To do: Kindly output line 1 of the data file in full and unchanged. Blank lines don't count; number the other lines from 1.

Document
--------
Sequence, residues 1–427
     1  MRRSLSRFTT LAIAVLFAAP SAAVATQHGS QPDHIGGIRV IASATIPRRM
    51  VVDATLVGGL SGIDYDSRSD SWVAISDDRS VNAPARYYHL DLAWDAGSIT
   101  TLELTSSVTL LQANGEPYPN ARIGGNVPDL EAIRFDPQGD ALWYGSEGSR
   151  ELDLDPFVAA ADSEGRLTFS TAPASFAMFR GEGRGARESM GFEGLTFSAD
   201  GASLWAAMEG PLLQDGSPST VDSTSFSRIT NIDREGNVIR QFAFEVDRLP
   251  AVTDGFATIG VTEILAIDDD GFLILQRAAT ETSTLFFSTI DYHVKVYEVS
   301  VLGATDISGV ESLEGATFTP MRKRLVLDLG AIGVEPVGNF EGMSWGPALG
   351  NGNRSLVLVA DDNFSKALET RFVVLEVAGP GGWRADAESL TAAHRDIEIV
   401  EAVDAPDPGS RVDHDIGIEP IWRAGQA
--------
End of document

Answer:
Sequence, residues 1–427